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New Jersey Danger Sign The State’s Shrinking Workforce

the staff of the Ridgewood blog

Ridgewood NJ,  according to the Garden State Initiative (GSI) analysis of September’s monthly jobs report for New Jersey showed continued, smaller gains for a state economy that is still struggling to regain last year’s workforce losses .

The bad news is that while New Jersey’s workforce grew in September, it is still smaller by 30,100 individuals compared to September last year. The state’s current workforce is also smaller than the state’s average workforce size in 2008.

Continue reading New Jersey Danger Sign The State’s Shrinking Workforce

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Reader asks What will it take for the Council to take the plugs out of their ears and blinders off their eyes?

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What will it take for the Council to take the plugs out of their ears and blinders off their eyes? Residents have been begging, pleading, showing how items can only bankrupt the town and make taxes even higher with no sign that the council has heard or read a word. If the library wants to grow (unnecessarily)it can self fund. Most of the tutors, self employed business people, and book readers are not even from Ridgewood. Self funding would include monies from these people and let the Ridgewood taxpayers alone from providing luxury items that everyone (including the library board–they just “want it” not “need it”) knows is not essential. If the board still feels it is necessary, start your fund drive and wait to see if you get one red cent to splurge on the library and take from libraries and towns who NEED the money just to survive. The council is all spend, spend, spend and who cares if Ridgewood has enough money to pay their new debts. And we thought the prior council was bad. The present one is composed of nice people with not one bit of economic knowledge in all their heads put together.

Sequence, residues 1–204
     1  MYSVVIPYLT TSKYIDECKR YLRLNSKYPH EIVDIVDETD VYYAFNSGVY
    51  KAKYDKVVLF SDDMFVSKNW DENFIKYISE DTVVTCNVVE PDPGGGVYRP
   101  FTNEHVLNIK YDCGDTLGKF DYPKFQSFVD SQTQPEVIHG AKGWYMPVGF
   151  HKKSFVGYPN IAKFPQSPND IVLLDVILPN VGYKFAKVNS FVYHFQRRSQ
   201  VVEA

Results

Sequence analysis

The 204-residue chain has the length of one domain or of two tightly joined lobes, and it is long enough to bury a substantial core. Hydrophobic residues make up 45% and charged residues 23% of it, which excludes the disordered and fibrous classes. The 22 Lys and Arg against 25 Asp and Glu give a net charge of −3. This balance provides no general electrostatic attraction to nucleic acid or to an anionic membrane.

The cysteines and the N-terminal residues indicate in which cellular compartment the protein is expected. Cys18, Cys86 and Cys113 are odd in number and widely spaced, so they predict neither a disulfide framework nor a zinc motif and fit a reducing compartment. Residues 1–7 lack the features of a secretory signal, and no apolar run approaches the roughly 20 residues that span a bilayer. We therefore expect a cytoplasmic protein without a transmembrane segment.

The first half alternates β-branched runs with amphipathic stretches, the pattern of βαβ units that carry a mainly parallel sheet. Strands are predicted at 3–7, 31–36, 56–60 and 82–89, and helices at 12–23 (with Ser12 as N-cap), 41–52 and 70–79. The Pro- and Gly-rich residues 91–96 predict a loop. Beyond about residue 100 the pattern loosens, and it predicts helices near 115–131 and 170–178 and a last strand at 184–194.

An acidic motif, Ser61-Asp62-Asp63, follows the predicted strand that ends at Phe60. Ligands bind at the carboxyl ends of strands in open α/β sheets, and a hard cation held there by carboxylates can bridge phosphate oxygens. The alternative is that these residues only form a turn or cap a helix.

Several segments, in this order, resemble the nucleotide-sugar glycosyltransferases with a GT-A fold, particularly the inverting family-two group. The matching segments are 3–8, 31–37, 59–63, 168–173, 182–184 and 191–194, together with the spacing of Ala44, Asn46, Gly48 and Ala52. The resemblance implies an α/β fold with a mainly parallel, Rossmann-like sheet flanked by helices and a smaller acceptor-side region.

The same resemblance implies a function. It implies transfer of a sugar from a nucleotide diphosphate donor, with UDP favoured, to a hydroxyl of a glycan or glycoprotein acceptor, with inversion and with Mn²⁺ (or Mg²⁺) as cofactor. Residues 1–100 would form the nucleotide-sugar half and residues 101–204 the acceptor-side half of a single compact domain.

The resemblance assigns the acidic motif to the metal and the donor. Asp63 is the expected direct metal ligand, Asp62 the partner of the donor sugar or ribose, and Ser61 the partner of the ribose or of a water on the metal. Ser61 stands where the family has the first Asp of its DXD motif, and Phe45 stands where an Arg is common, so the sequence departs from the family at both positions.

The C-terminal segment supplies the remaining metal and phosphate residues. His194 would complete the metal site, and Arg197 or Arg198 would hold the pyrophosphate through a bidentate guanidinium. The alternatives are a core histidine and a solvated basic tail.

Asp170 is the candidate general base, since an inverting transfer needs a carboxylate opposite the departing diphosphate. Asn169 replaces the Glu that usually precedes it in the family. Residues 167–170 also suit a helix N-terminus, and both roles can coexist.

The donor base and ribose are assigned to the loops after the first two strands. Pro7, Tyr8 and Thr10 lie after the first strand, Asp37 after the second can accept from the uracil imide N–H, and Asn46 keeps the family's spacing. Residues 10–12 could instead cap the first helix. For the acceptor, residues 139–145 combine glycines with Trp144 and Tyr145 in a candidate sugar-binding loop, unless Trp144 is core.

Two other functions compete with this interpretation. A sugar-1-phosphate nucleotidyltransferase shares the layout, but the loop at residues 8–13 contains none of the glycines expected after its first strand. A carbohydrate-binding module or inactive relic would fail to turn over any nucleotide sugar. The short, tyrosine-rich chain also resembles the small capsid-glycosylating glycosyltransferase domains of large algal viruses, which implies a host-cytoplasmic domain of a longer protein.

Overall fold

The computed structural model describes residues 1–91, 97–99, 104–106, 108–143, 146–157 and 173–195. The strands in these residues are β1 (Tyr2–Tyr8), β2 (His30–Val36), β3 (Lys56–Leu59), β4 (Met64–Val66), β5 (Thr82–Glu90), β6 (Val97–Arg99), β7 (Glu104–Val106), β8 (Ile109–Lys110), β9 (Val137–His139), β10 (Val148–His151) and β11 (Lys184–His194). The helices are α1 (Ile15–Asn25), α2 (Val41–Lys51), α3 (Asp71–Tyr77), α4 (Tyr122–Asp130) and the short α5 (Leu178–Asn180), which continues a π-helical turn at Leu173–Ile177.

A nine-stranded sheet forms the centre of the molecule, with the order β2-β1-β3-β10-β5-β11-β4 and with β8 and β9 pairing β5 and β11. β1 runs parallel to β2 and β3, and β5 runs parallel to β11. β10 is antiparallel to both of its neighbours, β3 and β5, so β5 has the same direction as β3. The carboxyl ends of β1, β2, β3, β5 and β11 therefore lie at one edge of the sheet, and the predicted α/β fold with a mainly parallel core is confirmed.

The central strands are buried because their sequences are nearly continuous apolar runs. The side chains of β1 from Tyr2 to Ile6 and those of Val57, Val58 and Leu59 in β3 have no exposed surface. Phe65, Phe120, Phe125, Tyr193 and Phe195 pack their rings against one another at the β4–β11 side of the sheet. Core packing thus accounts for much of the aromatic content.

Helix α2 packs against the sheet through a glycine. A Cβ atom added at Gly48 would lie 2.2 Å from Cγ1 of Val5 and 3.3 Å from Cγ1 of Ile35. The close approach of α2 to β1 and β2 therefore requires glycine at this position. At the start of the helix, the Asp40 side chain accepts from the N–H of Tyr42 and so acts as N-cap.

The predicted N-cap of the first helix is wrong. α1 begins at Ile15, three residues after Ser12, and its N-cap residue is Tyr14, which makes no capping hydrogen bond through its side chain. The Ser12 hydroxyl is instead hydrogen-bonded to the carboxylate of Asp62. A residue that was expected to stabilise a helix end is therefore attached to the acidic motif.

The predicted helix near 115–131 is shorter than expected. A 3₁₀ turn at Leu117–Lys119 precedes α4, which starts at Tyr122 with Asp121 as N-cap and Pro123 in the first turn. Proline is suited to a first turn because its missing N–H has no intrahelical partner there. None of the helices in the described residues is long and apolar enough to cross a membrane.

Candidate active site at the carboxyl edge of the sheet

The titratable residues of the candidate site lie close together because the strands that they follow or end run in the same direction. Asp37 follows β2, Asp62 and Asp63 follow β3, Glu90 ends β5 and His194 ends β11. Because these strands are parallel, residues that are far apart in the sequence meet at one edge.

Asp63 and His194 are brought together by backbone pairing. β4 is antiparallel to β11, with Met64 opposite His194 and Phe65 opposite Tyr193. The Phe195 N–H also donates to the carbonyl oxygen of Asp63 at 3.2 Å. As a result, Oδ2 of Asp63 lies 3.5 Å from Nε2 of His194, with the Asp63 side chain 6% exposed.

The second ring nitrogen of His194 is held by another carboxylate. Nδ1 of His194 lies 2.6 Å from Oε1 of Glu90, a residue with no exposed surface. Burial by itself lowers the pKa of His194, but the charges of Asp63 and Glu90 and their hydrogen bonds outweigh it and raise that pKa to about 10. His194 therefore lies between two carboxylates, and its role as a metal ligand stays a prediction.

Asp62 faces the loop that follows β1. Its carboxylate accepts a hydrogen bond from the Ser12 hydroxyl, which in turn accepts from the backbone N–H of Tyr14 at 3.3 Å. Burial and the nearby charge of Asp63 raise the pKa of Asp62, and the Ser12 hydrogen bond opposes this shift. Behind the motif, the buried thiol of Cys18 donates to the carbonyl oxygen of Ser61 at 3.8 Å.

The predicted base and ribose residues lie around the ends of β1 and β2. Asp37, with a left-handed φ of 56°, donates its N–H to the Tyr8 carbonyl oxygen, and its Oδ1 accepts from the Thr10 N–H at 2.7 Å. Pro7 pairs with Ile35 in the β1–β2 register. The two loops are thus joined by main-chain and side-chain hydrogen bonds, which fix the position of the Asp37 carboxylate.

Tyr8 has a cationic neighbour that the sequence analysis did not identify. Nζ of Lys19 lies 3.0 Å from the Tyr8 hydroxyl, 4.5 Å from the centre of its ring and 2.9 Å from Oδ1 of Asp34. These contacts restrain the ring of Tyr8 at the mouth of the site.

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Reader says We actually need an emergency cost reduction plan for the next 18 to 24 months

We actually need an emergency cost reduction plan for the next 18 to 24 months.lets start with suspension of all but
the most serious Utility work where police idle in front of
minor utility work on side streets for no justifiable reason ,
when PSEG can be tasked on 90days notice to provide
OWN employee flag workers OR SUBS to protect the work site.
Let PSEG PAY THEIR PENSIONS AND Benefits .
For major wire or street closure or main Avenue Gas projects then let’s
focus the town police use where needed for those major
risks along with PSEG flaggers.
People we have to begin to get our house In order.
TOWN SPENDING IS OUT OF CONTROL.Day of reckoning ahead. People selling and moving out all around us…

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NJGOP Chairman Reacts To Murphy’s Absurd Economic Development Speech

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the staff of the Ridgewood blog

Trenton, NJ – Yesterday, Governor Phil Murphy gave New Jersey Business a good laugh , after 18 tax increases totaling over $1.5 billion in new taxes the  Governor has come up with a new scheme spending even more money to encourage startups in the Garden state .

Continue reading NJGOP Chairman Reacts To Murphy’s Absurd Economic Development Speech

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Assemblyman Christopher DePhillips , “When you pass a budget where we had 18 new tax increases built into that budget, you scare the daylights out of people,”

the staff of the Ridgewood blog

Wyckoff NJ, Assemblyman Christopher DePhillips joined Jill Horner on Comcast’s Newsmakers last week to discuss capping state spending each year at the same 2 percent placed on local government tax levies. Municipalities have a two percent cap, which is credited with helping to slow the rapid growth of New Jersey’s notoriously high property taxes; but the state is not subject to that cap.